Tuesday, 20 April 2010
View from Pitlochry.
Shamus and Roseanna McPhee
Tribunal setback for Gypsy Travellers
By Colin Turbett.
Scotland’s forgotten oppressed minority – the Gypsy Traveller community, have been dealt a blow with the finding of a recent Employment tribunal in Aberdeen.
Ken McLennan, a non Traveller, who worked for the Gypsy Traveller Education and Information Project (GTEIP), was sacked last year. Ken took the GTEIP to a tribunal on the basis that he had been dismissed for activities that had upset some of the funders of the project, but which was in the interests of this ethnic minority.
The nub of his argument was that Gypsy Travellers were a recognised ethnic minority. The GTEIP, who claim to campaign for Gypsy Travellers, took the extraordinary step of arguing that as this had never been tested in a Scottish Court they had no case to answer. In other words their dismissal of Ken was legitimate because Scottish Travellers are not an ethnic minority and should enjoy no special protection, unlike their fellows in England , Wales and Ireland.
The Employment Judge, Nicol Hosie, then considered old dictionary definitions of Travellers and Gypsies and concluded that Scottish Travellers were not of Romany origin and agreed that they were not therefore an ethnic minority who should enjoy protection under anti discriminatory race relations law.
Until now everyone concerned with Scottish Gypsy Travellers, whether in the Scottish Parliament, or the Commission for Racial Equality, have argued publicly that Scottish Gypsy Travellers were of the same ethnic origin as other Travellers in the UK. All that was necessary was a test case to put this through the Scottish Legal System, and establish it once and for all. Whilst this would in itself not end centuries of prejudice it would at least make it easier to challenge modern day discrimination.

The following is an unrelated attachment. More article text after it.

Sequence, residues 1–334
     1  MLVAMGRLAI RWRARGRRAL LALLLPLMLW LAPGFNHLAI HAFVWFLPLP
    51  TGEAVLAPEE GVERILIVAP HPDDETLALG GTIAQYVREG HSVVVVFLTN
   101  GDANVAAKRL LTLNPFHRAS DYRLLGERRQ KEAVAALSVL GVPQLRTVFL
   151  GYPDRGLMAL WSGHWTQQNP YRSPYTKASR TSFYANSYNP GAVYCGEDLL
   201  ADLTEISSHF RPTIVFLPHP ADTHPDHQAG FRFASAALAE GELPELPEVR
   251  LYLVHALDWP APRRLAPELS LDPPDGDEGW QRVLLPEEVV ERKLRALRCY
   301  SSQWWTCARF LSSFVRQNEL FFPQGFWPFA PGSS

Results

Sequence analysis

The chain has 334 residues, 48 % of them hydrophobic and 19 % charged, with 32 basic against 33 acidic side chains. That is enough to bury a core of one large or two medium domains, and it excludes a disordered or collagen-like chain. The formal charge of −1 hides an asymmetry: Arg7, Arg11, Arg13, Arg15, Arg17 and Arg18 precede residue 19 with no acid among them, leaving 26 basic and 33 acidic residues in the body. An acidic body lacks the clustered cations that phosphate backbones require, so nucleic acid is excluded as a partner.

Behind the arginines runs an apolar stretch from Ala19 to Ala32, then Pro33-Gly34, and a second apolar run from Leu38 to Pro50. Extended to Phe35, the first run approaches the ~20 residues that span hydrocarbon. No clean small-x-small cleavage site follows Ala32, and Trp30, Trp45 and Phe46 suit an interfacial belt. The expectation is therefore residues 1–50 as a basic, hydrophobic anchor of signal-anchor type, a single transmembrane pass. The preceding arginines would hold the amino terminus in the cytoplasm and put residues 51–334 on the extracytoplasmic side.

Said Gypsy Traveller activist Roseanna McPhee from Bobbin Mill site in Pitlochry:
“This has got to be challenged, and as quickly as possible. There are reasons why after 13 years on the supply list, I cannot get a job as a Gaelic teacher. I know what they are and they are based in discrimination pure and simple. I am not popular because I have spoken out, and I have suffered for it.”
Her brother Shamus, who is faced with Sheriff Officer action over an unpaid Council Tax bill is also in no doubt about the realities of the racial prejudice he faces daily: “They want thousands from me for Council Tax. This is meant to be payment for services but until now we have had none on this site – not even the basics of water and electricity.”
My personal view:
Scottish Travellers are indigenous to Scotland and are not of natural Romany origin.
But as Scottish Travellers have a shared history of nomadic culture, lifestyle and also have for centuries shared the discrimination of all Romany and nomadic people it is long past the time that they also had a share in anti-discrimination law.
'Scottish Travelling People' endure the most discrimination
and have the least recourse to law than any other ethnic group in Scotland.
This has raised some questions for me:...What is Roma?...Who are Roma?
In almost every country in the world there are people who live Romany lives.